According to Greno, one of the most difficult problems during the development of the film’s plot was how to get Rapunzel out of the tower without immediately ending the movie, in that she had thereby escaped Mother Gothel and did not have any other specific objectives to pursue. At a meeting one day, animator John Ripa floated an idea which turned out to be the solution they had been looking for: the mysterious floating lanterns.

Changes from the Source Material: In the original story, a man steals rapunzel 4 from a garden belonging to a witch (also called Gothel). Gothel catches him and accuses him of theft. He begs for mercy, and she agrees to be lenient, and allows him to take all the rapunzel he wants, on condition that the baby be given to her when it’s born.

The prince in the story visits Rapunzel over several nights and slips pieces of silk to her to weave into a ladder. Grimm says that Gothel funds out when Rapunzel becomes pregnant. She casts Rapunzel out after cutting her hair. When the prince comes and visits, he is cast into thorns and blinded. When he finds Rapunzel, her tears immediately restore his sight. So no magical hair. She is not a princess, he is not a thief, and she is not reunited with her true parents

Animation: Glen Keane wanted the film to be animated using a traditional hand drawn animation. However, Disney executives David Stainton and Dick Cook announced that they would only approve the film for production if it were created using the 3D computer graphics. Keane held a seminar called “The Best of Both Worlds”, where he, with 50 Disney CGI artists and traditional artists, focused on the pros and cons of each style. After the meeting, it was decided that the film would be made in 3D CG animation, but with the traditional aesthetic.

They used a new technique called multi-rigging, which is made up of multiple pairs of virtual cameras. Each pair is used individually on each separate element that adds depth to a scene, then sandwiched together later in production.

The Rococo paintings of French artist Jean-Honoré Fragonard, particularly The Swing, were used as references for the film’s artistic style. For Flynn Rider, they held a large “Hot Man Meeting” where they gathered about 30 women from the studio and asked them what they considered attractive in a man.

As late as January 2010, the directors were still not sure if the Rapunzel character’s length of hair was going to work. An improved version of a hair simulation program named Dynamic Wires, originally developed for Bolt, was used.

Music: The original score for the film was composed by Alan Menken with lyrics written by Glenn Slater. Several songs were written, but eventually cut from the final film; “When Will My Life Begin?” replaced an earlier version called “What More Could I Ever Need?” There was originally a love song called “You Are My Forever” that Mother Gothel sang to Rapunzel in a motherly way, but was reprised later in the film by Flynn Rider in a romantic way. “Something That I Want” was written and composed by Grace Potter.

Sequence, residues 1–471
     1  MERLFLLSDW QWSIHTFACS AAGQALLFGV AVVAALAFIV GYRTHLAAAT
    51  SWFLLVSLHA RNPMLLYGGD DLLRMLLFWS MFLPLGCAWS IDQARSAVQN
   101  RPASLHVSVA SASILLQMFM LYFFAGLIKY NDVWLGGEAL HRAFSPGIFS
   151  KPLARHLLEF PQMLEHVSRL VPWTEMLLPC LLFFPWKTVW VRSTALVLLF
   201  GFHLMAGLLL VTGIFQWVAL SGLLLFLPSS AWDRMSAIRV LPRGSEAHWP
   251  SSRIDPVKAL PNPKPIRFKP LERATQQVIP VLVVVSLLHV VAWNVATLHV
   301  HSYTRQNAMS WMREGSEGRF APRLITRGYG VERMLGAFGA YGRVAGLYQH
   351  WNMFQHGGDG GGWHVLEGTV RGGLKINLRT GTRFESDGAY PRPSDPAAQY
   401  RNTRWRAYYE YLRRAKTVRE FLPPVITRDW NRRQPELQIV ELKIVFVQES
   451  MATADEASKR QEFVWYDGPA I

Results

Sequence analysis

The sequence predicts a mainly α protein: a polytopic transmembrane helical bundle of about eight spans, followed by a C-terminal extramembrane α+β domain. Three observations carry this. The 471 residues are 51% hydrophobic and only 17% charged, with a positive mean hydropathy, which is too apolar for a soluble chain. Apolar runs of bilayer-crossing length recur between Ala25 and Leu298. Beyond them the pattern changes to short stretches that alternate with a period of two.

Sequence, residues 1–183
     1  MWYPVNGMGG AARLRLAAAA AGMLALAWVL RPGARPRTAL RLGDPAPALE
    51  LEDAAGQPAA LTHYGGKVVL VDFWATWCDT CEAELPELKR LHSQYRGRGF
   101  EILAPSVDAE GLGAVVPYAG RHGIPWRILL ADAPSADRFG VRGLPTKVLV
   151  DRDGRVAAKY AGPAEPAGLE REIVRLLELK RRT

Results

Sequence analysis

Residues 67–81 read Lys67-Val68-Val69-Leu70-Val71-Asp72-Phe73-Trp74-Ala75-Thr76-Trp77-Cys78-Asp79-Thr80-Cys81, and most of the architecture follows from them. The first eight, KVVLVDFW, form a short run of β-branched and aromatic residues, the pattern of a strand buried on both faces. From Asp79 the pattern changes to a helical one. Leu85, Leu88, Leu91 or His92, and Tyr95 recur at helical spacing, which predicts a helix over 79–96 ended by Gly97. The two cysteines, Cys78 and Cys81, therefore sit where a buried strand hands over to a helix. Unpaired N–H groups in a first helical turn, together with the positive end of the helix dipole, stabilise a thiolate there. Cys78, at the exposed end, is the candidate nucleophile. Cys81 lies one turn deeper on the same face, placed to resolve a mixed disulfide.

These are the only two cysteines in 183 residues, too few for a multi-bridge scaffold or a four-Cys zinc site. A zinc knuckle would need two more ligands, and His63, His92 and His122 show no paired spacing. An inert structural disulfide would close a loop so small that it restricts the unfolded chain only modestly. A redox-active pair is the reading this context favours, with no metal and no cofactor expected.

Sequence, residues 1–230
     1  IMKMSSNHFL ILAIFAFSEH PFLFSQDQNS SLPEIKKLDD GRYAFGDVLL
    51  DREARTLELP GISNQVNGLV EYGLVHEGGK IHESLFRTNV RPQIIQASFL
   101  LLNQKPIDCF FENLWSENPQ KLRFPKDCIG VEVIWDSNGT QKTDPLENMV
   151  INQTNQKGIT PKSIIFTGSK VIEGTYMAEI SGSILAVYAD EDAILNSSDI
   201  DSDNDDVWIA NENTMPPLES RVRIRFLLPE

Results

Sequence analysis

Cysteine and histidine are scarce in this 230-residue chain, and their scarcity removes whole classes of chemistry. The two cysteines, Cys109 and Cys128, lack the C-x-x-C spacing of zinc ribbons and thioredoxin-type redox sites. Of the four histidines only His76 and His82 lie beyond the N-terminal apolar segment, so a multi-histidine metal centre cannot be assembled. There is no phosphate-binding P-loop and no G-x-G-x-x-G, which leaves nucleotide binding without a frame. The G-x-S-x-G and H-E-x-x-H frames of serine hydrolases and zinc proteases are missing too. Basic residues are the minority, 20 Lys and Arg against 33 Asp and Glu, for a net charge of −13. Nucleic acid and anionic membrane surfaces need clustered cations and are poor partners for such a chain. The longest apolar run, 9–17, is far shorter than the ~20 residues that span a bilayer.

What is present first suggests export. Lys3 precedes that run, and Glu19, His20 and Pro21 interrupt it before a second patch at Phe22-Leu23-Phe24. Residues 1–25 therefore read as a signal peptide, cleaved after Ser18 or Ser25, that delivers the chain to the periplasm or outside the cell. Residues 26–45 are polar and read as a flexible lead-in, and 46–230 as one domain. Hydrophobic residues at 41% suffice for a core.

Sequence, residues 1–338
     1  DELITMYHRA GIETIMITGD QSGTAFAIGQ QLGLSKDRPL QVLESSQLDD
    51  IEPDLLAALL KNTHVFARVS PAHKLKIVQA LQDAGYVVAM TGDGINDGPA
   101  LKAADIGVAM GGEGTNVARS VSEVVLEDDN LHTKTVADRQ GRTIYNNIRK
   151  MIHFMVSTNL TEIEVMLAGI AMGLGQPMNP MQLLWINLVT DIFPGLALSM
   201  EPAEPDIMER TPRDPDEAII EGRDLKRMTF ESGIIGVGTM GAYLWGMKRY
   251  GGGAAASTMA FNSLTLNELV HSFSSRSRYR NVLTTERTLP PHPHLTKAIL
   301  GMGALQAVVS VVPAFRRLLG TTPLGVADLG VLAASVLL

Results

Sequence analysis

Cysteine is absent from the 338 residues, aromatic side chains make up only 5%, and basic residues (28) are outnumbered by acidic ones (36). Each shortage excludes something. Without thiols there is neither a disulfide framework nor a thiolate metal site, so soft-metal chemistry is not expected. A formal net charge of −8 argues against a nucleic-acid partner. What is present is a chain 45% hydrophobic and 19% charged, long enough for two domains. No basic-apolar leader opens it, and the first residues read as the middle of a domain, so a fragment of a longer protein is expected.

Songs:

  • “When Will My Life Begin?”
  • “Healing Incantation”
  • “Mother Knows Best”
  • “I’ve Got a Dream”
  • “I See the Light” 5
  • “Something That I Want” 6

Voice Cast:

Mandy Moore as Rapunzel. In 1999, she signed with Epic Records. Her debut single “Candy” peaked at number 41 on the Billboard Hot 100. She voiced a role in Dr. Dolittle 2, before co-starring in The Princess Diaries. Her first starring role was as Jamie Sullivan in the romantic drama A Walk to Remember. She has appeared in Saved!, License to Wed, and Southland Tales. Moore has been starring as Rebecca Pearson ina This Is Us since 2016, and was nominated for the Golden Globe Award for Best Supporting Actress for her role. 7 Zachary Levi as Flynn Rider/Eugene Fitzherbert. He became known for playing Chuck Bartowski in the series Chuck and appeared as Fandral in Thor: The Dark World, and Thor: Ragnarok. He starred in the lead role of Georg Nowack in the 2016 Broadway revival of She Loves Me for which he received a Tony Award nomination. Next year he will appear as the titular character in Shazam!

Donna Murphy as Mother Gothel. She is a five-time Tony Award nominee, she has twice won the Tony for Best Actress in a Musical: for her role as Fosca in Passion and as Anna Leonowens in The King and I. She was also nominated for her roles as Ruth Sherwood in Wonderful Town, Lotte Lenya in LoveMusik and Bubbie/Raisel in The People in the Picture. She won a Daytime Emmy Award for Outstanding Performer in a Children’s Special for her role in Someone Had to be Benny, an episode of the HBO series Lifestories: Families in Crisis. Her film roles include Anij in Star Trek: Insurrection, Rosalie Octavius in Spider-Man 2, and one of the government secretaries in The Bourne Legacy. Ron Perlman as the Stabbington brother with sideburns. 8 Her first became known for playing the role of Vincent on the television series Beauty and the Beast. 9 He played Hellboy in both Hellboy and its sequel Hellboy II: The Golden Army, and Clay Morrow on Sons of Anarchy. and Pacific Rim (2013). His voice-over work includes Clayface on Batman: The Animated Series, Slade on Teen Titans, and The Lich on Adventure Time. Films include The Name of the Rose, Romeo is Bleeding, The Adventures of Huck Finn, Police Academy: Mission to Moscow, The Last Supper, The Island of Dr. Moreau, Alien Resurrection, Enemy at the Gates, Blade II, Star Trek: Nemesis, Sleepwalkers, Desperation, and Pacific Rim.